The spirit of giving

It is more meaningful to give to others what they want instead of what we do not want.

WHEN word spread that Federal Territory Minister Datuk Seri Tengku Adnan Tengku Mansor wanted to ban soup kitchens in KL city centre last week, my thoughts went back to an incident I witnessed as a child. An episode which defines the meaning of giving to me. 

It took place some time in mid 1970s along a street in Johor Bahru. My mum wanted to run some errands and while walking from the bus stop to a row of shophouses, I spotted a few beggars along the way. A blind man in his scruffy shirt caught my attention the most. Perhaps because he was different.

I observed passers by dropping some coins in a can right in front of the blind beggar. After a few minutes, a guy stopped right him, put his hand in the can, scooped out some coins and walked away.

The episode shocked me. In fact I was so shocked that I didn’t tell my mum until a few days later. When I related it to her, we had a long chat about giving. She said if I found myself in a position where I can’t give, I should at least not take from those who are in need.

She also told me about the importance of giving unconditionally. How giving should be unconditional not as an avenue to call attention to myself. To my mum it is more meaningful to give to others what they want instead of what I do not want.

Coincidentally, just a few weeks ago while dropping off some pre-loved clothes and toys into our neighbourhood  recycle bin, I spotted a notice right next to the chute door. It urged people not to dump broken and/or damaged items into the box.

When I saw the note I was baffled that people actually throw their waste into a recycle bin. I thought that kind of mentality on exists in the kampung which my mum grew up in, about 60 years ago.

I said this based on the experience my mum had as a child living in the same kampung as a miser who was well known for her concept of giving. Her idea of giving according to my mum was to handout damaged goods or food scraps.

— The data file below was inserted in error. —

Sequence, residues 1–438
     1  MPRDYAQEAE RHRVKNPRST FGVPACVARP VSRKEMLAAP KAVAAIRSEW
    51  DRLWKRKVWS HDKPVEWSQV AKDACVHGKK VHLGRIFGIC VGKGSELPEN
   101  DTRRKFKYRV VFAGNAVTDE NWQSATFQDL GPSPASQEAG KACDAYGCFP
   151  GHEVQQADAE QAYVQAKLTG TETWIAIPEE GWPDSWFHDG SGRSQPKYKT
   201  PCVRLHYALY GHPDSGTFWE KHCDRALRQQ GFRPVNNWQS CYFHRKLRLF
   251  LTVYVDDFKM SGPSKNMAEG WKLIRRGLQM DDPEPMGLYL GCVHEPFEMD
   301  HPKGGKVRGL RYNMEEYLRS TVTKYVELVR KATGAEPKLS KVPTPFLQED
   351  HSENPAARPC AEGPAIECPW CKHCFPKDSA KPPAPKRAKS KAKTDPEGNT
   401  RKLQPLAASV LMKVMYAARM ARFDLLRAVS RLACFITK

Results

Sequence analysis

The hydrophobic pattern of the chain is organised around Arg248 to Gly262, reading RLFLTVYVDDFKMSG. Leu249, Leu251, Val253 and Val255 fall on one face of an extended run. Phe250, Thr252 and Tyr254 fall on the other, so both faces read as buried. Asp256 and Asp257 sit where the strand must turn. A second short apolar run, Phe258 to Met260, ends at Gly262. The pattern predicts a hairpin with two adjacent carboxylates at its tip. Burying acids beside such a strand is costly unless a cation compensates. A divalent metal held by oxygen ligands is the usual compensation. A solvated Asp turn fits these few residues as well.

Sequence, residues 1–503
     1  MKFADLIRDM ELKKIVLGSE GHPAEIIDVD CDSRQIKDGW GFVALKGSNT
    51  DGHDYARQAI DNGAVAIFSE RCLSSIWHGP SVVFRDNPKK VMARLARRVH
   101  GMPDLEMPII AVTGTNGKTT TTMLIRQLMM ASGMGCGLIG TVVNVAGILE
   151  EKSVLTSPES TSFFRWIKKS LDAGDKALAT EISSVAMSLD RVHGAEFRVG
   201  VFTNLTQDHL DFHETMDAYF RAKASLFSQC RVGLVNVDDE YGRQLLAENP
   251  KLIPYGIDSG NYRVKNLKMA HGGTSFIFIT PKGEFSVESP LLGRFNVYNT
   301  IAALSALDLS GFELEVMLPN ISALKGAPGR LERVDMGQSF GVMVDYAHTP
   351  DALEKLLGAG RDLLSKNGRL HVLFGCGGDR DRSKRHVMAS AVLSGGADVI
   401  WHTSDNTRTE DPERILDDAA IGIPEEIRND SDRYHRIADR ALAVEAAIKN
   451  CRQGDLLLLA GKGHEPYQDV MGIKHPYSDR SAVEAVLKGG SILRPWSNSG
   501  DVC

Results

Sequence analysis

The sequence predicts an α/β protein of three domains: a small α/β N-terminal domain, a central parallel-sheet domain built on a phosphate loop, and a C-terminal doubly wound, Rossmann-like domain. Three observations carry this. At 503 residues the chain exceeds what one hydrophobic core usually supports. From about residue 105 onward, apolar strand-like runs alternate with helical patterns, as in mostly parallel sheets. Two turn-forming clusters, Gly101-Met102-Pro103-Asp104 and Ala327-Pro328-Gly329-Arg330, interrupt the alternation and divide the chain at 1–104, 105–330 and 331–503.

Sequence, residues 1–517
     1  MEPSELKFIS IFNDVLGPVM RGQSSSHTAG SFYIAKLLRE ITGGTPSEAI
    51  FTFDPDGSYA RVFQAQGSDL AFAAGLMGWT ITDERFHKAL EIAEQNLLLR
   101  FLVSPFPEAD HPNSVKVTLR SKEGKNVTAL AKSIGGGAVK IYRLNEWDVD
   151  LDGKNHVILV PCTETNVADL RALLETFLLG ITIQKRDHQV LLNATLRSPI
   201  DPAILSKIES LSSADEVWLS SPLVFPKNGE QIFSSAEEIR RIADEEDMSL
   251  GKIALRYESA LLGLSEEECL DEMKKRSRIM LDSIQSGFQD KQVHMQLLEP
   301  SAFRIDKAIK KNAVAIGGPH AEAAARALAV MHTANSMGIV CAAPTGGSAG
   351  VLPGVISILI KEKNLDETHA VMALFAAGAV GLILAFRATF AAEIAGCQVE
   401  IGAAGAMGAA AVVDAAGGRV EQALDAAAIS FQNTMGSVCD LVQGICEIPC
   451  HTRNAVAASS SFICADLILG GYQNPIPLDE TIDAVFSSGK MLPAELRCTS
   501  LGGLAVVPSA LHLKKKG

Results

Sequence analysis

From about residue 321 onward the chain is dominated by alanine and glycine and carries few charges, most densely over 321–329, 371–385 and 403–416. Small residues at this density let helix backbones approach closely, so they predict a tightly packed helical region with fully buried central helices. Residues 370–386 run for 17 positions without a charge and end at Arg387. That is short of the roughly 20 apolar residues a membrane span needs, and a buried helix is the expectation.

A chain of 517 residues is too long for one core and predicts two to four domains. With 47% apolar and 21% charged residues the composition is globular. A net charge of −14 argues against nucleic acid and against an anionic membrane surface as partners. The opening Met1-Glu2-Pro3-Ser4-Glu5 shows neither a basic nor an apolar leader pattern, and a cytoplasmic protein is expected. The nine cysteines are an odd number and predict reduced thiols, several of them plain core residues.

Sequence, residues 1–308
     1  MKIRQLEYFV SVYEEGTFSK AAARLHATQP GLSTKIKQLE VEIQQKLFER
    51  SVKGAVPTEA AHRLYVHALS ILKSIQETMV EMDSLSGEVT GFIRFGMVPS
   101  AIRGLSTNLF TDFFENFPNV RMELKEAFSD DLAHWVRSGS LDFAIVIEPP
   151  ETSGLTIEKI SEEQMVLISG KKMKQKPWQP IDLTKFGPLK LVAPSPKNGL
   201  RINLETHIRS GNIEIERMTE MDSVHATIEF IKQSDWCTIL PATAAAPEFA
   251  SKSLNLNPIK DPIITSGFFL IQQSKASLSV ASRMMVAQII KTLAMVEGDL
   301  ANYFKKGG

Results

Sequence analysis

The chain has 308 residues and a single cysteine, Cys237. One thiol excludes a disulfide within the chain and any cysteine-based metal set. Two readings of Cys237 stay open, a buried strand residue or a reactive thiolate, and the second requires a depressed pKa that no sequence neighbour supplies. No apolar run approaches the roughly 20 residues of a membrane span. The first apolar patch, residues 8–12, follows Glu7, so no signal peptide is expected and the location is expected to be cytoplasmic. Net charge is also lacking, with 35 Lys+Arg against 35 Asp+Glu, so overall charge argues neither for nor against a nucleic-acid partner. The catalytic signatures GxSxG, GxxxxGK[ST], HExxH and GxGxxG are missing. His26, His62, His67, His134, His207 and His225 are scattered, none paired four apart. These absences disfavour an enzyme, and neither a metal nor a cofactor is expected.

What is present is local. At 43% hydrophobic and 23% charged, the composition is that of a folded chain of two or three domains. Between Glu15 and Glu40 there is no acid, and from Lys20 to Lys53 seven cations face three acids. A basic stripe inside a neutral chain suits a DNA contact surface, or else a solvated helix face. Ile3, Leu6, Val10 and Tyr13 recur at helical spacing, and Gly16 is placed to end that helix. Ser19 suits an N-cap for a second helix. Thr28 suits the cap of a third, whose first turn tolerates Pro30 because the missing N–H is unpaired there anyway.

My mum and her siblings nicknamed her Proud Lamah because she was boastful and condescending towards the less privileged, including my mother’s family.

Proud Lamah was rich, richer than anyone my mum knew in the area. She was very stingy too. What makes her different than any rich people there was her “act of giving.”  When she gives she’d donate stuff that she and her family wanted to discard.

Mom said Proud Lamah would offer her less fortunate neighbours broken items like selipar jepun (flip flops) with broken straps or ikan bilis head and stomach.

My mother came from a huge family. When she was small, they had enough to just get by. Mum said once while walking pass Proud Lamah’s house with her sisters, the old lady called them over. She told them to collect the over-ripe and rotten rambutans from the ground, under the tree and take them home to their family. Mum and her sisters obliged.

As a self-proclaimed do gooder Proud Lamah didn’t like her deeds to go unnoticed either. So, while my mother and her sister were collecting the bruised and rotten rambutans, Proud Lamah went on explaining at the top of her voice no less, to her next door neighbour, about my mom’s family background and how sorry she felt for them.

Mother said she did not like Proud Lamah’s tone or the way she treated her and her sisters. Since that day, she would often make sure that the latter was not in sight, if she had to walk past  her house.

I guess it must have made Proud Lamah felt good “helping” her less fortunate neighbours. The only explanation I could offer about what Proud Lamah did was, she obviously had operated from a different reality than some others back then.

I believe that before we give, we should think about how the receivers could put out contributions to good use. They may be less advantaged but our waste isn’t what they wish for.

If the homeless need food that’s what we should provide them with instead of giving conditions which make it harder for them or challenging their pride. For some who are down on their luck, all they need probably is a second chance without any judgement.

Most of all, when I give I must leave my judgement behind.

> The views expressed are entirely the writer’s own.
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opinion , Humour Me , Norlin Wan Musa , giving , charity


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